Significant climate impacts are not restricted to the Atlantic basin, implying that the Atlantic Ocean could be an important driver of global decadal variability. The strongest remote impacts are found to occur in the tropical Pacific region in June–August and September–November. Surface anomalies in this region have the potential to excite coupled ocean–atmosphere feedbacks, which are likely to play an important role in shaping the ultimate climate response.

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J. R. Elliott, S. P. Jewson, and R. T. Sutton

Abstract

The El Niño–Southern Oscillation (ENSO) has far-reaching impacts on global climate via “teleconnections” associated with wavelike or other disturbances that are excited in the tropical Pacific. These teleconnections may influence the air–sea heat fluxes, either by altering the latent and sensible heat fluxes through a change in low-level wind speed or direction or by altering the degree of cloud cover and thus the radiation budget. The anomalous fluxes can generate sea surface temperature (SST) anomalies that can in turn feed back on the atmospheric circulation. These effects are explored for the 1997/98 ENSO event using a novel and powerful modeling technique in which a coupled ocean–atmosphere model (the U.K. Hadley Centre HadCM3 model) is forced to follow observed tropical Pacific SSTs using a strong thermal relaxation, while elsewhere the model is allowed to vary freely. This is an extension of previous studies in which the impact of ENSO was investigated using an atmospheric model coupled to an ocean mixed layer model. The authors focus on the impact of ENSO on the Atlantic Ocean. Model results are compared both with historical records of the Atlantic response to El Niño and with SST observations during the 1997/98 event. The model simulates well the warming of the tropical North Atlantic that is typical of El Niño events. In addition, it identifies a significant positive anomaly in the South Atlantic in the autumn of 1997/98 that was also observed and appears to be a feature of the Atlantic response to El Niño that has not previously been noted. The results suggest that many other large SST anomalies observed in the Atlantic during 1997/98 were not part of the response to El Niño.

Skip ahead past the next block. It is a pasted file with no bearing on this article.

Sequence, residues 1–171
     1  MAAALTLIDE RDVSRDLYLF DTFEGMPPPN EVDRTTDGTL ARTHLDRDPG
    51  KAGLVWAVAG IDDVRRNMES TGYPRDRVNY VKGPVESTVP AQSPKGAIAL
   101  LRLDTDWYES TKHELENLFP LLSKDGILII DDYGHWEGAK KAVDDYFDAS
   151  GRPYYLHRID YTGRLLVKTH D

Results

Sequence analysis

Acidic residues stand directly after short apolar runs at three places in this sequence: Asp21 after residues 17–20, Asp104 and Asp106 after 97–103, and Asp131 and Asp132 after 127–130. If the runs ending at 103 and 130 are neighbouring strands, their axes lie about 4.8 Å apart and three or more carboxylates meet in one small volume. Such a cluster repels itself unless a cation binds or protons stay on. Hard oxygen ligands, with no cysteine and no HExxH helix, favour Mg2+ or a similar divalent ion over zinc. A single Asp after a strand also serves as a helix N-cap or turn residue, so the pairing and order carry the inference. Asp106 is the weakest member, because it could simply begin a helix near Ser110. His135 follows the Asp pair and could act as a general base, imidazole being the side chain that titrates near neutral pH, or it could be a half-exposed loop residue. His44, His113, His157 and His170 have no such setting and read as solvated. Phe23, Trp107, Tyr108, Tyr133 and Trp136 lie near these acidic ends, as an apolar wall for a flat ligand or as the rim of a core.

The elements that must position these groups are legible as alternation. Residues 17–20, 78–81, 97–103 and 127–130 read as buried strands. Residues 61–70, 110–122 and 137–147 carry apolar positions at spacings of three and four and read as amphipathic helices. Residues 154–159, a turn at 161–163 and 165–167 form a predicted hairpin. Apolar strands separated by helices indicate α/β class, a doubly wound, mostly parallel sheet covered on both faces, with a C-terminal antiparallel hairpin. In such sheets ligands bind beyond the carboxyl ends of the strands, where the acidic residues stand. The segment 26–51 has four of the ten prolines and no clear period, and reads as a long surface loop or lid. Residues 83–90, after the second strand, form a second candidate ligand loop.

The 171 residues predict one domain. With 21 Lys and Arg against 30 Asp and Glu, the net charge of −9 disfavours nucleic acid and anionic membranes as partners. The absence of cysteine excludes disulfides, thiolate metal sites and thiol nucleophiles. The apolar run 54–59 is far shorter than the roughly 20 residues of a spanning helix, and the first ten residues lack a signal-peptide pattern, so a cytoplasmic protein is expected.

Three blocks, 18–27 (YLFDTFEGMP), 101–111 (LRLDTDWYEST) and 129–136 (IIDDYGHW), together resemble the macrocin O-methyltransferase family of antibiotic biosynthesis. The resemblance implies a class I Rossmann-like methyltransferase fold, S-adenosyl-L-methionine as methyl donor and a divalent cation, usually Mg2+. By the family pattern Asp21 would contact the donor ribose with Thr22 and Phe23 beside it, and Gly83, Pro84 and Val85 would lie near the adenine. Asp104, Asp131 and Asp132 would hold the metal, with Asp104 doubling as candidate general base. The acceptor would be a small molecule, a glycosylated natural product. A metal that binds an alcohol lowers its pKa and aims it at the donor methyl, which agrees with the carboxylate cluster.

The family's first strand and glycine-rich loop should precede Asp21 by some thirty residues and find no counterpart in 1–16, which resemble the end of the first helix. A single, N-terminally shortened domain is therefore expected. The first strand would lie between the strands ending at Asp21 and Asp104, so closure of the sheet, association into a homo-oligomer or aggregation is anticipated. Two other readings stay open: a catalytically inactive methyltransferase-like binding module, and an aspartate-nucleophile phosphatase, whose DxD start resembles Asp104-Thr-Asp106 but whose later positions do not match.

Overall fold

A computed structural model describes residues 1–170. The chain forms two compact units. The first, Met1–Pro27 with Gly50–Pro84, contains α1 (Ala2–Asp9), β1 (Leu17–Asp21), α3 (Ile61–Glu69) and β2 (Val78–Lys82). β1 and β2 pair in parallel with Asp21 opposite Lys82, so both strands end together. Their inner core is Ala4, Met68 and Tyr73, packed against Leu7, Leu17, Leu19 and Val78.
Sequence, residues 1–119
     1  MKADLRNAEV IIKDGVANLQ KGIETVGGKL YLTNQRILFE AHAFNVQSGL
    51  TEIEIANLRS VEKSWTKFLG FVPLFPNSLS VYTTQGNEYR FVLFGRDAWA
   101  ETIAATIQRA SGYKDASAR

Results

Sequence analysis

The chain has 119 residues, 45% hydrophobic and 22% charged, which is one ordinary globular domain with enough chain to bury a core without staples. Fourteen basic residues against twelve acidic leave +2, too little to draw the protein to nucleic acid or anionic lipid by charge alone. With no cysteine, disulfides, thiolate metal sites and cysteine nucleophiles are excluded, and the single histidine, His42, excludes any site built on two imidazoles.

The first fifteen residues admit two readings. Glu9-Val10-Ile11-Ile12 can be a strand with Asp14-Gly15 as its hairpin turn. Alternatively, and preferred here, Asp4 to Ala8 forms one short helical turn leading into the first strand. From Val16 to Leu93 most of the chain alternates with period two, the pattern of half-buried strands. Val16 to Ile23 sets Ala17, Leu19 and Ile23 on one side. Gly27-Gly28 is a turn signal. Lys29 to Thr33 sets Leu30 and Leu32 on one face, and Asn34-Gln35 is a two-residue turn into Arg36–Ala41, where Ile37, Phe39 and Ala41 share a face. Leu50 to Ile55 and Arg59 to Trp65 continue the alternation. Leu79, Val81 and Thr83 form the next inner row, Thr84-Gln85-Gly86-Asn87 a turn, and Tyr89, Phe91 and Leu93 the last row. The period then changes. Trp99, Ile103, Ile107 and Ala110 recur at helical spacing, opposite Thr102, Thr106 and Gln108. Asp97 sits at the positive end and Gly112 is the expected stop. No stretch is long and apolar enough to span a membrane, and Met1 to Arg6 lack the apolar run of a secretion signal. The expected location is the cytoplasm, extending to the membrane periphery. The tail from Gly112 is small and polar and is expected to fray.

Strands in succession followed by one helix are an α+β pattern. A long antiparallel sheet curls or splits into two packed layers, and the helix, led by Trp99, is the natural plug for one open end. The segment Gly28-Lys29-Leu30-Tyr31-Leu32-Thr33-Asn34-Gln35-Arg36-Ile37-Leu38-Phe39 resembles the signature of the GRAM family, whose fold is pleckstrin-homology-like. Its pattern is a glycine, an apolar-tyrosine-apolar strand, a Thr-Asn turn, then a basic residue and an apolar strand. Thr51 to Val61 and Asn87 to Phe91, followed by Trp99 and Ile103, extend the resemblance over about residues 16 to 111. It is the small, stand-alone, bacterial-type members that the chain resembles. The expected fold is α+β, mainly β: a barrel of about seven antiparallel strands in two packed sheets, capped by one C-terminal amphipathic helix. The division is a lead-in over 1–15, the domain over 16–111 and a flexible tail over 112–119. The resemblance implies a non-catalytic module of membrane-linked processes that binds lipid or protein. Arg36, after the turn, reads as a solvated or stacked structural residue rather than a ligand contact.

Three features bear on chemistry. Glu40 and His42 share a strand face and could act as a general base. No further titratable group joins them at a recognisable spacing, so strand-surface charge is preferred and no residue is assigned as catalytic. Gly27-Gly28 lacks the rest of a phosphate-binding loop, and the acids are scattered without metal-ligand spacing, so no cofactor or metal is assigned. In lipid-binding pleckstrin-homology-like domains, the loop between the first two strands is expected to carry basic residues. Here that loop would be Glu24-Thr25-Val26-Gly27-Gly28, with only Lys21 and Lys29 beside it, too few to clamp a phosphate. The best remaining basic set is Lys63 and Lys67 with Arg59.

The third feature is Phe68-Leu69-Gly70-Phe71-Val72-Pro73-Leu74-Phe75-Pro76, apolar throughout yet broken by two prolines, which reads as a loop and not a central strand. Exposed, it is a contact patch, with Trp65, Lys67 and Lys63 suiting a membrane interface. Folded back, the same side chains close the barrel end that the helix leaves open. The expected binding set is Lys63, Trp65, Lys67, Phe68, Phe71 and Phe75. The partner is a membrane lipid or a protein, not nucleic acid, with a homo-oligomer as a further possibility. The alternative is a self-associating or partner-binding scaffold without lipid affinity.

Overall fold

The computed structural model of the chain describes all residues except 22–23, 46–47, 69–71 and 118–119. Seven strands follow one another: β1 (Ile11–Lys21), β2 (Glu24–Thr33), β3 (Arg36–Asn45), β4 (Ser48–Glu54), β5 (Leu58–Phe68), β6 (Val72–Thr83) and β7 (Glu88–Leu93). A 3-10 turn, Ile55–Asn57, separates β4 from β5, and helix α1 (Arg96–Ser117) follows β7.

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R. T. Sutton, P-P. Mathieu, M. Collins, and B. Dong
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R. T. Sutton, S. P. Jewson, and D. P. Rowell

Abstract

The tropical Atlantic region, unlike the tropical Pacific, is not dominated by any single mode of climate variability such as the El Niño–Southern Oscillation (ENSO). Rather, this region is subject to multiple competing influences of comparable importance. The nature and potential predictability of these various influences has been investigated by analysis of an ensemble of atmospheric GCM integrations forced with observed SST for the period December 1948–November 1993.